- The WHO declared Covid-19 a pandemic in March, but this refers to the extent of the spread of the disease and not necessarily its severity.
- So far, more than 550 000 people have died and more than 12 million cases have been recorded.
- This is why Covid-19 has been described as a pandemic and why it is not like the typical flu.
The World Health Organisation (WHO) declared the Covid-19 outbreak a pandemic on 11 March 2020.
But WHO director-general Dr Tedros Adhanom Ghebreyesus says the declaration does not change how the organisation will deal with the threat the virus poses.
"It doesn't change what WHO is doing and it doesn't change what countries should do."
It was estimated that, as of Thursday, there were more than 12 million cases of Covid-19 globally, resulting in more than 550 000 deaths.
But why has Covid-19 been described as a pandemic and why it is not like the typical flu?
News24 takes a look:
Why is Covid-19 a pandemic?
Announcing the declaration in March, Ghebreyesus said the WHO did not use the word pandemic lightly or carelessly because if it was misused, it would lead to unreasonable fear.
Up to that point, Covid-19 was described as an epidemic. An epidemic is the high spread of a disease within a specific community or area, and a pandemic refers to the global spread of a new disease.
At the start of the outbreak, Covid-19 was mostly confined to China and it was therefore referred to as an epidemic, but as it spread to more and more regions, it became a pandemic.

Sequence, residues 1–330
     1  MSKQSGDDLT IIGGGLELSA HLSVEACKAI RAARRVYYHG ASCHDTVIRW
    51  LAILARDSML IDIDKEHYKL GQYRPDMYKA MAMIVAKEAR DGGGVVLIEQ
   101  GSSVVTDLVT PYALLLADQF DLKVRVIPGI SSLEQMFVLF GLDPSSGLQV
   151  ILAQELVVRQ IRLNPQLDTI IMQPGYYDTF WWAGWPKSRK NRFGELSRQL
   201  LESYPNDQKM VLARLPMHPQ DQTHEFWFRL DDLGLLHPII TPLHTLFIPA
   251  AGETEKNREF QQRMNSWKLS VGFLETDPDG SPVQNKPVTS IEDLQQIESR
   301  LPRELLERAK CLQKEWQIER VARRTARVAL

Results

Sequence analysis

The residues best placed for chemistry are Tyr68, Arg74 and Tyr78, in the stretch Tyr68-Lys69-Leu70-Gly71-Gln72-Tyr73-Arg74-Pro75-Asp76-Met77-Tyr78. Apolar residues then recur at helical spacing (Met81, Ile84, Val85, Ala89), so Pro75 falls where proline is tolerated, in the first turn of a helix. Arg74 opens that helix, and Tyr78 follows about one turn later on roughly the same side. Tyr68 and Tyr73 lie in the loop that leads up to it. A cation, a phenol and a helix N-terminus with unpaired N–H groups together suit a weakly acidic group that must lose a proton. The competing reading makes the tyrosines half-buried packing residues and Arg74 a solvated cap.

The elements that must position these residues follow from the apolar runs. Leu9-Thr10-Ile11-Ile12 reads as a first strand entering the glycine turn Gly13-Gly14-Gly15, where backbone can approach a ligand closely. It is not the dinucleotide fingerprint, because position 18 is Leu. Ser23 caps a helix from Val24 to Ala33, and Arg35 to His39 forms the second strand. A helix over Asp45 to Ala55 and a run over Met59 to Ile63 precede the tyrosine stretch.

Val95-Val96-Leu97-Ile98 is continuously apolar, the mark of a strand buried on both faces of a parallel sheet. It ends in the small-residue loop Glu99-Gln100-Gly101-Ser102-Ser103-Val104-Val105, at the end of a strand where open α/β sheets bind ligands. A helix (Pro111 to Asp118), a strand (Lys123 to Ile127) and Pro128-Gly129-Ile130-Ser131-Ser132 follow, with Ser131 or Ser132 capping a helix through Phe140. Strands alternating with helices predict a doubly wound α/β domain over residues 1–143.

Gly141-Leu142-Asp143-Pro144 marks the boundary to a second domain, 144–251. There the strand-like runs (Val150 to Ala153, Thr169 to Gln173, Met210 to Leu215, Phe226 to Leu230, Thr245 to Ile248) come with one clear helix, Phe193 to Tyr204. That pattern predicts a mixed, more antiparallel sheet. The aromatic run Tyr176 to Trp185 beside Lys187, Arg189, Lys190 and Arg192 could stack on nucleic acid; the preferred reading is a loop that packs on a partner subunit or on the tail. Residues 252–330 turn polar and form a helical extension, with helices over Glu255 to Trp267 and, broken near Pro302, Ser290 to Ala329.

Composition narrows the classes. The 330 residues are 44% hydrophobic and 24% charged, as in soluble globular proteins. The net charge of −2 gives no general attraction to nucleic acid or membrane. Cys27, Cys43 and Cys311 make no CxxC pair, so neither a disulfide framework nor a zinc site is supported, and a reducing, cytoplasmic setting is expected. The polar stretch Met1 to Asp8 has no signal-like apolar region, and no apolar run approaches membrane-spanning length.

Pandemic, therefore, refers to the reach of, specifically, a new virus, and not necessarily the intensity of it.
The WHO has not defined exactly what the threshold is for a pandemic declaration.
The United States' Centers for Disease Control and Prevention (CDC) says the word pandemic is used when viruses "are able to infect people easily and spread from person to person in an efficient and sustained way" in various places around the world.
Why is Covid-19 not like the typical flu?
While the symptoms of Covid-19 appear similar to the seasonal flu, the diseases differ in key areas which makes the new coronavirus deadly.
According to the Centres for Disease Control and other sources, these include that, among others:
- Covid-19 is new to humans, and therefore very few people will have immunity against it. There is also no vaccine for Covid-19 available for it yet. Many people, in comparison, have some sort of immunity for seasonal flu and there are various vaccines for different strains of seasonal flu.
- Covid-19 is also considered to be twice as contagious as the seasonal flu.
- It takes between five to twelve days to show Covid-19 symptoms during which time an individual may still be contagious. An individual may also be infectious 10 days after showing symptoms. In contrast, the seasonal flu typically takes only two days to show symptoms
- If someone becomes infected with Covid-19, they will also likely be sick for roughly 14 days, compared to the seasonal flu's average duration of five days
- The fatality rate for Covid-19 is 10 times that of the seasonal flu. This figure is, however, fluctuating daily as more people are infected. In some countries, daily deaths have reached rates 50% or higher than the historical average for periods of time.
- Since people require hospitalisation at the same time because it is a new disease, healthcare systems may become overwhelmed and this may lead to more deaths when patients do not receive the care they require.
- While the elderly, and those with comorbidities are most at risk, some schoolgoing children have been affected by multisystem inflammatory syndrome - a rare but severe complication of Covid-19.
- Covid-19 complications also include blood clots in the veins and arteries of the lungs, heart and legs, which are not a seasonal flu complication.
Those who have been infected with Covid-19 also report long-term effects, such as joint pains, tiredness, a persistent cough and confusion.